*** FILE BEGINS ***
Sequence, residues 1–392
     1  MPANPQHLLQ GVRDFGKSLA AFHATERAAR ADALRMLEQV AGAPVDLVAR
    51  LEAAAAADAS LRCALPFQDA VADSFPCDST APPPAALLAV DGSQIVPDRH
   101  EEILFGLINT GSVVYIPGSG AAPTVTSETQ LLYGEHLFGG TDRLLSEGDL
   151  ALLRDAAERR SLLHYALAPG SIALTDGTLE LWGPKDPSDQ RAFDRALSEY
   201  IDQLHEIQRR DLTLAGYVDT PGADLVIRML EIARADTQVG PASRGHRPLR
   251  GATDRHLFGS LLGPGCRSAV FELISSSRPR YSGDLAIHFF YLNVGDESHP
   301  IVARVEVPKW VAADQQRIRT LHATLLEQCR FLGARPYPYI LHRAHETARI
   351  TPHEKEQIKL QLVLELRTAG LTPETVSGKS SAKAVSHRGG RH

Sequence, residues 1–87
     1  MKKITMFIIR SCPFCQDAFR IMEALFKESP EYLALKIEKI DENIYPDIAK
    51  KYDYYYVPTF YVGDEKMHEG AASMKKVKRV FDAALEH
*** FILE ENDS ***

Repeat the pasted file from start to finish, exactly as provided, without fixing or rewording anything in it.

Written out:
Sequence, residues 1–392
     1  MPANPQHLLQ GVRDFGKSLA AFHATERAAR ADALRMLEQV AGAPVDLVAR
    51  LEAAAAADAS LRCALPFQDA VADSFPCDST APPPAALLAV DGSQIVPDRH
   101  EEILFGLINT GSVVYIPGSG AAPTVTSETQ LLYGEHLFGG TDRLLSEGDL
   151  ALLRDAAERR SLLHYALAPG SIALTDGTLE LWGPKDPSDQ RAFDRALSEY
   201  IDQLHEIQRR DLTLAGYVDT PGADLVIRML EIARADTQVG PASRGHRPLR
   251  GATDRHLFGS LLGPGCRSAV FELISSSRPR YSGDLAIHFF YLNVGDESHP
   301  IVARVEVPKW VAADQQRIRT LHATLLEQCR FLGARPYPYI LHRAHETARI
   351  TPHEKEQIKL QLVLELRTAG LTPETVSGKS SAKAVSHRGG RH

Sequence, residues 1–87
     1  MKKITMFIIR SCPFCQDAFR IMEALFKESP EYLALKIEKI DENIYPDIAK
    51  KYDYYYVPTF YVGDEKMHEG AASMKKVKRV FDAALEH